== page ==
Gros Morne National Park is a World Heritage Site located on the island of Newfoundland in the Gulf of St. Lawrence.
[1- Lomond River Valley]
Trout River, Lomond River, the East Branch of the Lomond River, and Deer Arm Brook are scheduled rivers and restricted to fly-fishing. A provincial inland fishing license is required for non-residents to fish in Gros Morne National Park. Retail outlets such as service stations, hardware stores, etc. sell licenses. A salmon license is required on scheduled waters.
Native species of fish include: Atlantic salmon, Brook trout, arctic char, Rainbow smelt, American eel, Atlantic tomcod, Alewife, Fourspine stickleback, Threespine stickleback, Blackspotted stickleback and Ninespine stickleback. Rainbow trout are considered an exotic species that have been introduced.
[2-Trout River Pond]
From June to September there are two 2.5 hour boat tours: one on Trout River Pond, a 15 km long former fjord, lying in a glaciated valley between the golden Tablelands and the massive cliffs of the Gregory Plateau; and the second tour on Western Brook Pond between massive billion year old cliffs.
[3– Western Brook Pond]
The Western Brook Pond fjord in Gros Morne National Park provides a dramatic setting for a boat tour. The Long Range Mountains, the northernmost extent of the Appalachians, contain numerous glacially-carved fjords. One of the most spectacular is the Park's largest lake, Western Brook Pond. This 16 km lake with a depth of 165m is home to Atlantic Salmon, Brook Trout and Arctic Char, as well as an unusual colony of cliff nesting gulls.
[4– Western Brook Gorge 8 - click to enlarge]
[5-Western Brook Pond]
The coast along the Gulf of St. Lawrence from Trout River to Bonne Bay includes the Green Gardens and three primitive campsites for hikers: picnic tables and pit toilets. Campfires are only permitted on the beach. Permits for these campsites can be purchased from the Park Warden.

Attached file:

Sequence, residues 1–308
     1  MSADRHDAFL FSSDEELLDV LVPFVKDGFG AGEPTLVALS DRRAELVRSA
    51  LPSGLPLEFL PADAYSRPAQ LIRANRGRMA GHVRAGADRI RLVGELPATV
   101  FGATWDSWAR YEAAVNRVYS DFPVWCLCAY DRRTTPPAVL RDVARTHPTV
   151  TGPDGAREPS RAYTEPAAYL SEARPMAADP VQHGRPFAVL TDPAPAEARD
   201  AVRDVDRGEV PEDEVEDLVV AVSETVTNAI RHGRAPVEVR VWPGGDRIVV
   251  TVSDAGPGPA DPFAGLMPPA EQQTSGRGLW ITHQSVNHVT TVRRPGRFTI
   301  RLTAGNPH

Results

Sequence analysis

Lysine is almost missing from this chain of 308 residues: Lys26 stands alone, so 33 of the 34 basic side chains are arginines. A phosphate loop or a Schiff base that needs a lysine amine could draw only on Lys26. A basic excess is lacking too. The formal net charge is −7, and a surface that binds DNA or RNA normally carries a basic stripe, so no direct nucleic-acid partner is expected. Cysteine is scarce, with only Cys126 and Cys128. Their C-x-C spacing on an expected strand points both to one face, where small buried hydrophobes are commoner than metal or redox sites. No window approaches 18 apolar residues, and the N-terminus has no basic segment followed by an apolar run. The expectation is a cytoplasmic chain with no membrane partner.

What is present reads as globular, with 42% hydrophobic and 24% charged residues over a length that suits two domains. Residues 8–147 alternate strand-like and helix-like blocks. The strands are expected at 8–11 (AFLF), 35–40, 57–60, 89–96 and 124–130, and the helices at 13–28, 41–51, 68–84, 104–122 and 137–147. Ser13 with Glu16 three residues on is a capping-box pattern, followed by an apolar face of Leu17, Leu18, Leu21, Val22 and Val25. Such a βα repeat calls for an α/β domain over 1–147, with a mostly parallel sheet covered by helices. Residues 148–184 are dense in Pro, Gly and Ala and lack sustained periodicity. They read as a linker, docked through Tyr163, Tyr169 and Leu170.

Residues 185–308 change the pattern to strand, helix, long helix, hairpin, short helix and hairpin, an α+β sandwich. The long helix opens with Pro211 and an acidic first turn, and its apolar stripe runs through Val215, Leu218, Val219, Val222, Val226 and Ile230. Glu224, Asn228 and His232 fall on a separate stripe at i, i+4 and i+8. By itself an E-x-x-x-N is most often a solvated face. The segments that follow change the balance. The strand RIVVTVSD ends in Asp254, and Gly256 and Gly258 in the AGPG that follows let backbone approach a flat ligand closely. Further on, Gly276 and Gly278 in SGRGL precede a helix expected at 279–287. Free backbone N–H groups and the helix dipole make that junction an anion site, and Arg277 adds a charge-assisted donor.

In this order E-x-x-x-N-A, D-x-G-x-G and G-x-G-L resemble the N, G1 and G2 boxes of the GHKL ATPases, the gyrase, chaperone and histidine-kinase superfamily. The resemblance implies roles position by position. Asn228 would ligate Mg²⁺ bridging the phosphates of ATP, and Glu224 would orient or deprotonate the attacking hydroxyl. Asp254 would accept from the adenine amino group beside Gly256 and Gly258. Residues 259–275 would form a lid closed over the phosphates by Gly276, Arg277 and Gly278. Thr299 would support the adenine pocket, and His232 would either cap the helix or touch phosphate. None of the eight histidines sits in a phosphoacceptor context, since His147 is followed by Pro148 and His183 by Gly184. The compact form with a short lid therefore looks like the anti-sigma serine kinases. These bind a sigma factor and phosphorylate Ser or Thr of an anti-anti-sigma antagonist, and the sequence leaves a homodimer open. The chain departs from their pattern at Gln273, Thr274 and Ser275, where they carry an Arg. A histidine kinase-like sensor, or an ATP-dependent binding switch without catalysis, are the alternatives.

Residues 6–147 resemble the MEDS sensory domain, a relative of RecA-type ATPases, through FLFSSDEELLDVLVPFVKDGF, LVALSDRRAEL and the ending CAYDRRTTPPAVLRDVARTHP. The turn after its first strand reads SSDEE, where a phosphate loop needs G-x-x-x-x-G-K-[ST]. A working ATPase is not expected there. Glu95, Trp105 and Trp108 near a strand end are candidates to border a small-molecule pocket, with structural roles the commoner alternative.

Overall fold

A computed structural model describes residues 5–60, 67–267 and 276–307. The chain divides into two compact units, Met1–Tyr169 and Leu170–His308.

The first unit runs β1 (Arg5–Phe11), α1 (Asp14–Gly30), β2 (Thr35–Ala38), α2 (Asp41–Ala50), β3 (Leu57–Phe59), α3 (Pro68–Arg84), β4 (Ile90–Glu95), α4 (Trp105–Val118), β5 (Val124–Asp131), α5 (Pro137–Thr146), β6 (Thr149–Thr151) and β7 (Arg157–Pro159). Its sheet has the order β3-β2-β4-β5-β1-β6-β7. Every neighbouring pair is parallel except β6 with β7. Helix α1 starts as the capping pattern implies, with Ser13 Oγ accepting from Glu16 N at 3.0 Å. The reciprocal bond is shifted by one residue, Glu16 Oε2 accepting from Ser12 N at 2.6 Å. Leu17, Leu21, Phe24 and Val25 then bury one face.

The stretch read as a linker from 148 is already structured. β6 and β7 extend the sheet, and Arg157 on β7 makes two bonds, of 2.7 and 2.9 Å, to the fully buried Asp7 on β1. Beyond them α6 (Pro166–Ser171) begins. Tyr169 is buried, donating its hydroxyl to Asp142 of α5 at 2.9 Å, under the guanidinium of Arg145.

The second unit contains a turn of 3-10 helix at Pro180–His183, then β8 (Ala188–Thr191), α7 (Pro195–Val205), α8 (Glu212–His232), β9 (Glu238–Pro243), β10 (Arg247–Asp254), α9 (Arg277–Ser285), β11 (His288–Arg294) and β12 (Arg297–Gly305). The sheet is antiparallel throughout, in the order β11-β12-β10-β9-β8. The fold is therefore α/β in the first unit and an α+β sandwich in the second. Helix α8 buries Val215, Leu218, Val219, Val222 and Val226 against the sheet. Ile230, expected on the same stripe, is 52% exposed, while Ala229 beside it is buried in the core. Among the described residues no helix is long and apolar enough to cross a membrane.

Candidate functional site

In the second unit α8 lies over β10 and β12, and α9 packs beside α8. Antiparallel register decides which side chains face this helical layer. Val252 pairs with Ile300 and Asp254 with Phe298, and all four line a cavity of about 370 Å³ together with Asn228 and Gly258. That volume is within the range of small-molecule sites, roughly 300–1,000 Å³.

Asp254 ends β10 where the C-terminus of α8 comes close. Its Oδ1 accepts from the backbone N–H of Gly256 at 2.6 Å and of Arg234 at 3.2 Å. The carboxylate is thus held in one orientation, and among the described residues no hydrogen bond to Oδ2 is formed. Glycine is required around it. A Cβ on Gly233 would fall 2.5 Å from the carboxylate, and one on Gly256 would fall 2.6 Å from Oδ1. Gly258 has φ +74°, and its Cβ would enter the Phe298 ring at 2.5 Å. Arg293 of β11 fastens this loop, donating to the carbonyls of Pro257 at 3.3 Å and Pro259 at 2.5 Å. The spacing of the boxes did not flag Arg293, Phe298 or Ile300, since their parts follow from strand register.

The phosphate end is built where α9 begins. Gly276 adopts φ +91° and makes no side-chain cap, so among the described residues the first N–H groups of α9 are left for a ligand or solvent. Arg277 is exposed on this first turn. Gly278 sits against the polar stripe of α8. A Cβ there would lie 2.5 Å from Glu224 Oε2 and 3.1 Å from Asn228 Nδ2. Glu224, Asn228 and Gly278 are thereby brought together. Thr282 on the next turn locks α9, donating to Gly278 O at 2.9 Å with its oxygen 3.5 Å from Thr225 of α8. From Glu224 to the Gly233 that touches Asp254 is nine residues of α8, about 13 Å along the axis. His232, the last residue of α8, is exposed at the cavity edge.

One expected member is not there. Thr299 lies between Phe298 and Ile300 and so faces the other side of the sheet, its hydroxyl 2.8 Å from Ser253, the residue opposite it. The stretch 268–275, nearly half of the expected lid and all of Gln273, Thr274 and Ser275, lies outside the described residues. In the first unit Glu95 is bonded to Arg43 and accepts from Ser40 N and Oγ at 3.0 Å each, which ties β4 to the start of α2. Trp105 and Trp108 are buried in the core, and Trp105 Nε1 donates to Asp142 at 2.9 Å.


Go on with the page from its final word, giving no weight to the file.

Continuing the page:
[6 - Sea stack]
This coast has a wonderful array of sea stacks, coves and beaches topped by lush cliff-top meadows. Residents of Trout River graze their sheep in the summer on these meadows.
The animals that are now considered native to the Island made their way over in the past 15,000 years, came from the mainland by swimming, flying or walking across the pack ice. This isolation has created subspecies, 9 of the Island’s 14 native land mammals are distinct from their mainland relatives. Native animals are: the little brown bat, northern long-eared bat, the Arctic hare (rare—lowest reproductive rate of any hare or rabbit in the word—one litter per year with only three young),
American beaver, meadow vole, muskrat (rare), wolf (extinct), red fox, black bear (larger than its counterparts in North America – 90 kg to 270 kg), ermine weasels, marten (endangered), otter (uncommon), lynx, and caribou.
[7- Bull Moose]
Animals that have been introduced are: common shrew, snowshoe hare, chipmunk (rare), red squirrel, deer mouse, house mouse, bank vole (rare), red-backed vole (rare), Norway rat (uncommon), Arctic fox (accidental), Polar bears (accidental), mink and moose (from two introduced in 1874 and four others in 1904 resulting in the highest density population of moose for the park).
There is no legal hunting in Gros Morne National Park.
For bird watchers there are 239 species of which 105 have nested on the Island.
Other activities of the park include kayaking, swimming, hiking, wilderness hiking, picnics, cross-country skiing and snowmobiling.
To enter this wilderness park for the activities you plan to undertake, you must be aware of the park’s natural hazards, be properly equipped and prepared for emergencies. Two fundamental areas that are required: survival, and hypothermia. For more information on these topics refer to the St. John Ambulance “Official Wilderness First Aid Guide”.
Research: Parks Canada, wikipedia.
Photo Credits: -mdmarkus66 CC=nc-nd-flickr, -JohnW CC=nc-nd-flickr, -dragonwoman CC=nc-flickr, -aconcagua GFDL, Cc-by-sa-2.5, -Calypso Orchid CC=nc-nd-flickr, -kasey kasey CC=nc-sa-flickr.
A few previous photos were removed and replaced due to status change on the flickr commons.
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